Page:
What I am saying here, is don’t turn it into an all-nighter with people you just met and then proceed to get 3-sheets-to-the-wind-drunk. You might get Raped, Robbed and Screwed Over, or worse…yes there are worse things.
#2 | Talk About Money
Classy people like you know better…right? On the other hand, Americans (dare I say many first-worldians) tend to be very vocal about the ups and downs of our money. Even the most broke joke, can usually find something to do for favorable gain, and then go out and celebrate later. It’s ok! But don’t talk about it.
In fact, I will take it a step further. Be careful who you “invite,” or buy things for, give handouts to, or try to “help.”
We tend to have the soul and spirit of a Good Samaritan, and that’s ok!
All I am saying, is to carefully analyze the situation before you begin what could turn into a slow drain of resources. Enabling a drunk to be drunk, or a druggie to be drugged is completely different than genuinely helping someone in need. Help others, but make careful decisions about who, how and when. Discretion is advised. People are watching you. No dar papaya = don’t give advantage.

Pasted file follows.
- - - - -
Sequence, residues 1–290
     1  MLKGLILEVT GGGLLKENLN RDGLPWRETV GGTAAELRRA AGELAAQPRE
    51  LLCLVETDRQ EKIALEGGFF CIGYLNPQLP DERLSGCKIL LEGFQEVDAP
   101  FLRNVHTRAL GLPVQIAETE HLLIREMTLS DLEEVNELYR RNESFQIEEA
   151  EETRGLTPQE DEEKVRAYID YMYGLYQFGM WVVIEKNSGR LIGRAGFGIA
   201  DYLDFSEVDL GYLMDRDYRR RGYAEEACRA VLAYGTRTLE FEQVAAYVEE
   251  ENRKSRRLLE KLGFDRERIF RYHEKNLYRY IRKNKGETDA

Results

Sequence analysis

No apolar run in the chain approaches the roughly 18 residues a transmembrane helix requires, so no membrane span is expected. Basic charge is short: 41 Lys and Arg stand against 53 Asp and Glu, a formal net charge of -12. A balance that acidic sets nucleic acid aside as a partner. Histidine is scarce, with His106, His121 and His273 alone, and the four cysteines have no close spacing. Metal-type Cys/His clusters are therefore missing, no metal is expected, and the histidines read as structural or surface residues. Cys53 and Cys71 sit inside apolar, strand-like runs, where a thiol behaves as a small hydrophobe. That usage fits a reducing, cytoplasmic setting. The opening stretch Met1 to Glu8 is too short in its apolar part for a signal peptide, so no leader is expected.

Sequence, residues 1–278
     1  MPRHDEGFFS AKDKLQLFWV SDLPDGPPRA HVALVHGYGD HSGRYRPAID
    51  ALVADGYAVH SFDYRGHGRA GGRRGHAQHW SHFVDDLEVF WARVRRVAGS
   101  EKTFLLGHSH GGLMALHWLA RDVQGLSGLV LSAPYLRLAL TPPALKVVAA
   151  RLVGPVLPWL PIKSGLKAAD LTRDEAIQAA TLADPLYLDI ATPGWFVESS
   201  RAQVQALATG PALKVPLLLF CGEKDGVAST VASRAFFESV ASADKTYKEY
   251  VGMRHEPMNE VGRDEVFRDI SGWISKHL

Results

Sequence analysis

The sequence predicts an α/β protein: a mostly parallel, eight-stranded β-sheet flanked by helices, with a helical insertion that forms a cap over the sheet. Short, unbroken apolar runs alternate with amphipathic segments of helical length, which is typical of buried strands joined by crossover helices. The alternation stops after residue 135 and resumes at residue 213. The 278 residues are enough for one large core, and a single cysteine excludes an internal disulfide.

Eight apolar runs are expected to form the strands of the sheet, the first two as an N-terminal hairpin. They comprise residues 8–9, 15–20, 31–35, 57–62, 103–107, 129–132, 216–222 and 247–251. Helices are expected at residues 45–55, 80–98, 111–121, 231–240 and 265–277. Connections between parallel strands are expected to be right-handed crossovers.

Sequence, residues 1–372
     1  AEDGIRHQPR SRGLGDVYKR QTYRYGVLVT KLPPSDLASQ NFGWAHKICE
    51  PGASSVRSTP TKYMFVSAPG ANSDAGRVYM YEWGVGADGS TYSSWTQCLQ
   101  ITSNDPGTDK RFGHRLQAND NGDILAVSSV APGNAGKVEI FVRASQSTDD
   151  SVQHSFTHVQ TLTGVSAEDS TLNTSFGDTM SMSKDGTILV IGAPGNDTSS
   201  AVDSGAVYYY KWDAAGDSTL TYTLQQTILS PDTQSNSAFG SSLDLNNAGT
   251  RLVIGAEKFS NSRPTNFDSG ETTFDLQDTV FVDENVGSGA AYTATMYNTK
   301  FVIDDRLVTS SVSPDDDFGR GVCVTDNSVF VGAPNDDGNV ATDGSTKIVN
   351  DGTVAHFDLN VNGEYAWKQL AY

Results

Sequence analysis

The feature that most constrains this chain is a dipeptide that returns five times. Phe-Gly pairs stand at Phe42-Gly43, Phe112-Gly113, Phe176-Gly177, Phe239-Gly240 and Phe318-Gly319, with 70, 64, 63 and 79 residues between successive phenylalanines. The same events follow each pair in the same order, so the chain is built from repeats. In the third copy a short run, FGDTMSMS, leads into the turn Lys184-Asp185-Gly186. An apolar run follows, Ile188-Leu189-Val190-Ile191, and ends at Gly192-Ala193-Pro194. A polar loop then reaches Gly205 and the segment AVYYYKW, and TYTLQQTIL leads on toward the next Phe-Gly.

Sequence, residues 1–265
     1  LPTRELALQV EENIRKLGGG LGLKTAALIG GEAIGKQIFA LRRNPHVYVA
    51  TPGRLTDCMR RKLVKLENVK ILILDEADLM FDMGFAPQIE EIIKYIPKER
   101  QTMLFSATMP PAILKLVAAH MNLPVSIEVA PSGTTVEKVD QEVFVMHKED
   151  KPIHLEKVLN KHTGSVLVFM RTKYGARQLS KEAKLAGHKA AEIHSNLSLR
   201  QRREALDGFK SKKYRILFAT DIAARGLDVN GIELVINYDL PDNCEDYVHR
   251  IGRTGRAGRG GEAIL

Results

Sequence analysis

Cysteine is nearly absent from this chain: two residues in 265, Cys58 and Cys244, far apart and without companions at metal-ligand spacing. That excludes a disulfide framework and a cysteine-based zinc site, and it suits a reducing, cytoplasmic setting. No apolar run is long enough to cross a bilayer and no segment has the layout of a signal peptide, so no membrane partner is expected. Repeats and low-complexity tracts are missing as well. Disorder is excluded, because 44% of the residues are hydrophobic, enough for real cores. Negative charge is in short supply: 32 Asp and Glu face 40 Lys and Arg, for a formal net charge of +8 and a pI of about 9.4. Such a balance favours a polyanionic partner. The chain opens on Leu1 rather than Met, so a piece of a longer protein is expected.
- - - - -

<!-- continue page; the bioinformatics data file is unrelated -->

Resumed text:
#3 | Brag To Your Friends
One-upmanship is as old as the earth itself, and isn’t going away soon. We have all told slightly tall tales, and given slight exaggerations to people we want to impress. Especially when you want to date someone, it’s easy to look for ways to catch their attention.
And to be fair, the person you are with may or may not be “copiando,” or paying close attention. But someone else might. And that someone usually has friends who are organized and extremely skilled with a knife, gun or fist.
I have met brash, bold and braggardly expats who LOVE to invite their friends, talk about their successes and enjoy their lives abroad. They also tend to wonder why people keep robbing them, even in “safe” areas.